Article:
Konrad Aderer (Director/Producer) is a Japanese American filmmaker whose documentaries have focused on immigrants affected by detention and deportation. His feature documentary Enemy Alien received a Courage in Media Award from CAIR and Pacific Asian Community Alliance Courage Award. His short Rising Up: The Alams screened internationally and in the U.S. at venues including BAM and MoMA’s Documentary Fortnight. Under his nonprofit multimedia project Life or Liberty (lifeorliberty.org), founded in 2002, his work has been supported by Center for Asian American Media, Open Society Institute, and NYSCA grants. Konrad holds a Master’s in Sociology from Brooklyn College.
Michelle Chen (Co-Producer) has worked with WNET’s Children’s and Educational Media unit for ten years, creating content for public television and the web. She has received Emmy awards for her work as a producer on the PBS Kids series Cyberchase and the television and web project, Get the Math. She serves as producer on the groundbreaking American history video game, Mission US, which received the Japan Prize for Educational Media and the Games for Change Impact Award. She also serves as a producer on professional development documentary series for educators, including the Annenberg-funded Power of Music: P-5 Teaching inspired by El Sistema.
JT Takagi (Supervising Producer) is a filmmaker and business manager/production coordinator at Third World Newsreel, a media company that exists to explore social justice issues and nurture work by and about people of color. Her own films include three nationally broadcast documentaries on PBS. Takagi has also produced several series of educational shorts while working as a sound engineer and professor at both the City College of New York and the School of Visual Arts.
Barbara Takei is a writer/researcher, independent scholar, and community activist. She has received multiple grants from the California State Library to research and write about Tule Lake, and over the past decade, has organized programs, panel discussions and site tours during biannual pilgrimages to Tule Lake. Her work includes several dozen oral histories of “No-No's” and Japanese Americans who renounced their U.S. Citizenship, along with articles to document these rare and little-known stories of the Tule Lake Segregation Center. Takei co-wrote Tule Lake Revisited: A Brief Guide to the Tule Lake Internment Camp Site (2001), which was supported by a grant from the California Civil Liberties Public Education Program. Based on research of recently released classified documents held at the National Archives in Washington, D.C. and Archives II in College Park, MD, She also wrote Legalizing Detention: The Department of Justice Denationalization Program (Shaw Library Historical Journal, 2005) detailing the events that led nearly 6,000 Japanese Americans to renounce their U.S. citizenship. As the Chief Financial Officer of the Tule Lake Committee, Inc., Takei has worked with the National Park Service, the California Department of Transportation, and other governmental agencies and non-governmental organizations to preserve the Tule Lake Segregation Center. As a result of such efforts, Tule Lake Segregation Center was designated as a National Historic Landmark in 2006, and in December 2008 became a unit of the NPS as a National Historic Monument.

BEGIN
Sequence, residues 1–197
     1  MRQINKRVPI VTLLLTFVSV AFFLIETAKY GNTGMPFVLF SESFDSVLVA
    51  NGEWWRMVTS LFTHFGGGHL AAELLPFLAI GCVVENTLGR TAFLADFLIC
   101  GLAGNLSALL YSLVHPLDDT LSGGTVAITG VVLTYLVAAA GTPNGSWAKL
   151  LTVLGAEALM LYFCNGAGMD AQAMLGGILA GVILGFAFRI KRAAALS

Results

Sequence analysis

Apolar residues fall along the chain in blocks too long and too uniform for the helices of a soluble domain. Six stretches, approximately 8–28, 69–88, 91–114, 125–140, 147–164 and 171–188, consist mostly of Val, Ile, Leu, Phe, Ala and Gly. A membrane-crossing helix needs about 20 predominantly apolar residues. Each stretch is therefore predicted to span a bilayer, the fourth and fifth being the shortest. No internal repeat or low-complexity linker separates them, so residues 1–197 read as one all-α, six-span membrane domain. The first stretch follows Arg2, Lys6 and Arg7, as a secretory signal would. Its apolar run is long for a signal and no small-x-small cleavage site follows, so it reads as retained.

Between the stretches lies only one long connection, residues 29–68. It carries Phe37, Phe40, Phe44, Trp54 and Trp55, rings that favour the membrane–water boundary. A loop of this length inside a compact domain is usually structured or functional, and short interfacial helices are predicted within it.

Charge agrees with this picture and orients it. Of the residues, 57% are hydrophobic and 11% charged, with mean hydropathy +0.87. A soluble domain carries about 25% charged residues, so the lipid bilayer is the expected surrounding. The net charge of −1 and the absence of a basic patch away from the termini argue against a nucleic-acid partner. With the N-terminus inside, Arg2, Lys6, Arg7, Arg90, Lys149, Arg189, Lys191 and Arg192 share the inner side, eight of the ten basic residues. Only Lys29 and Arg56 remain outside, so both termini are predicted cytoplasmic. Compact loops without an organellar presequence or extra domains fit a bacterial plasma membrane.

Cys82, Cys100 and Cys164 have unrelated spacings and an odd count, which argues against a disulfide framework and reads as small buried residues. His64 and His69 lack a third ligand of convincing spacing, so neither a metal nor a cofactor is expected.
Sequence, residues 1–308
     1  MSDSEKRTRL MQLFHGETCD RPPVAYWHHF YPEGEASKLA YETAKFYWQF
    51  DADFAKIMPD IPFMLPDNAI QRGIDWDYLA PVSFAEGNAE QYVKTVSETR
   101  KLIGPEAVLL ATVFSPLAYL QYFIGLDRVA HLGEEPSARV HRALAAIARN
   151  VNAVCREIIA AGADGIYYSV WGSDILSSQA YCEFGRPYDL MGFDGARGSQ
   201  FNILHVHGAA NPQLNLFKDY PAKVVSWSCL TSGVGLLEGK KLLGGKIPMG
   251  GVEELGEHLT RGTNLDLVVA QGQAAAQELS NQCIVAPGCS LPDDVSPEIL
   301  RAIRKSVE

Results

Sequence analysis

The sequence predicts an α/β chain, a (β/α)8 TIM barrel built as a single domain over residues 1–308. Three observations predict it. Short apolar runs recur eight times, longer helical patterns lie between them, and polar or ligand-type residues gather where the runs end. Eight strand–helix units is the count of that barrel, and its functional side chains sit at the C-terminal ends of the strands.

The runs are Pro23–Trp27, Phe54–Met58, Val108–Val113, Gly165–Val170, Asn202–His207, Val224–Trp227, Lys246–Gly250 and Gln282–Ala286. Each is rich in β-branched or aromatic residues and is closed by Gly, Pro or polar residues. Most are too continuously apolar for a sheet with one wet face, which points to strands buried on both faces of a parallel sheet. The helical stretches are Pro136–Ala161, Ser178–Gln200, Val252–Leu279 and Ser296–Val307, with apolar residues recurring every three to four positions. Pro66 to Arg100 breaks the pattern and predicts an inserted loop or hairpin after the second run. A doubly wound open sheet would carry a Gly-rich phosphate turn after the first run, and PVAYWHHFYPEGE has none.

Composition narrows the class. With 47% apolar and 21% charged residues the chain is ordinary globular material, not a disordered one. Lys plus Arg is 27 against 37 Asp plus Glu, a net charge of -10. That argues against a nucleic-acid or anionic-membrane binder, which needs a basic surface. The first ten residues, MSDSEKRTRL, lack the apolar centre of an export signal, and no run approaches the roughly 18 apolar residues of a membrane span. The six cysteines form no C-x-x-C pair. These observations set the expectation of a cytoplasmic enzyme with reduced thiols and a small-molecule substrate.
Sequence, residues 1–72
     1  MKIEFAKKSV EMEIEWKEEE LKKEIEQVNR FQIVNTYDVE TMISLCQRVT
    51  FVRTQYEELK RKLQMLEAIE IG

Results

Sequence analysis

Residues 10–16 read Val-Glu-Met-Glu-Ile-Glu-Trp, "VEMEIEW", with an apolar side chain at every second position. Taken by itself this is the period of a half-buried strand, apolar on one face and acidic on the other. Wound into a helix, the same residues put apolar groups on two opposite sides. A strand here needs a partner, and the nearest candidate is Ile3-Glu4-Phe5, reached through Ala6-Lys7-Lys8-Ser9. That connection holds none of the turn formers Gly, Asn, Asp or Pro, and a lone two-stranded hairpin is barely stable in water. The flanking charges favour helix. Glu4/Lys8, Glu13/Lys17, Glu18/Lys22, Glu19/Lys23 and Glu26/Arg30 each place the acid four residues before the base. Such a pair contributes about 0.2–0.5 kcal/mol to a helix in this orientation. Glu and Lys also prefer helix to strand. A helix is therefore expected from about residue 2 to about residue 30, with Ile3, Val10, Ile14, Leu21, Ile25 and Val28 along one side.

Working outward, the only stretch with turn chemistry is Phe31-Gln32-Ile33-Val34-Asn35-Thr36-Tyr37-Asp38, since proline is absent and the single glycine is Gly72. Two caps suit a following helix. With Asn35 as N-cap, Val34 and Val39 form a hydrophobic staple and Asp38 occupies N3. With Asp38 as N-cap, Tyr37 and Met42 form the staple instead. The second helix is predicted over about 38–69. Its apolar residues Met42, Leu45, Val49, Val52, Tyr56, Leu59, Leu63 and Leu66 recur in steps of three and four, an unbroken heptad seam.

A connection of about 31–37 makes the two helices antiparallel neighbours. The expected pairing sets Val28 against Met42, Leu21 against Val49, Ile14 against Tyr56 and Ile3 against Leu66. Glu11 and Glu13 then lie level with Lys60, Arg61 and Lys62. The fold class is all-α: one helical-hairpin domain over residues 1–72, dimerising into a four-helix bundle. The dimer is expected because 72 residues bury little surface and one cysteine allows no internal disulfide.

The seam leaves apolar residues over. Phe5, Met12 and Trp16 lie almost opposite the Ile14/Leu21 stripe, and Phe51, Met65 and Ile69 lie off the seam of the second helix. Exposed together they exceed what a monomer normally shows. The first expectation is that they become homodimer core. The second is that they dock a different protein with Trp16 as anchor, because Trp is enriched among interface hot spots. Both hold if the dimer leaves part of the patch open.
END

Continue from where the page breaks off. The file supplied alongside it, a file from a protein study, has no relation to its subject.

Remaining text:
Tetsuden (Tetsu) Kashima, born in Oakland, California, was incarcerated as an infant along with his family during World War II. Later, he received his B.A. from the University of California at Berkeley and his Ph. D. in Sociology from the University of California at San Diego. Tetsu came to the University of Washington in 1976 and currently serves as a professor in the Department of American Ethnic Studies and an Adjunct Professor in the Department of Sociology. He has been an invited Visiting Professor at Ryukoku University in Kyoto and the Yamaguchi National University in Yamaguchi, Japan. Besides publications in numerous journals, he has authored many articles and published two books: Buddhism in America: The Social Organization of an Ethnic Religious Institution (1977) and Judgment Without Trial: Japanese American Imprisonment during World War II (2003,2004).
Eiichiro Azuma is a Professor of History and Asian American Studies at the University of Pennsylvania, where he has taught since 2001. He is specialized in Asian American history with an emphasis on Japanese Americans and transpacific migration, as well as Japanese colonialism and U.S.-Japan relations. Azuma's interest in migration and transnationalism has stemmed partially from his personal experience as an immigrant from Japan. Azuma is author of Between Two Empires: Race, History, and Transnationalism in Japanese America (Oxford University Press, 2005), which won the Theodore Saloutos Award from the Immigration and Ethnic History Society, and a History Book Award from the Association for Asian American Studies. Azuma has published over a dozen peer-reviewed academic articles; recently his articles have appeared in the Journal of American History, Journal of Asian Studies, Pacific Historical Review and Journal of American-East Asian Relations. He holds a M.A. in Asian American Studies (1992) and a Ph.D. in history (2000), both from University of California at Los Angeles. Azuma’s current research includes a project on the experience of Japanese Americans in Occupied Japan and how it affected their return to mainstream America in the wake of wartime incarceration.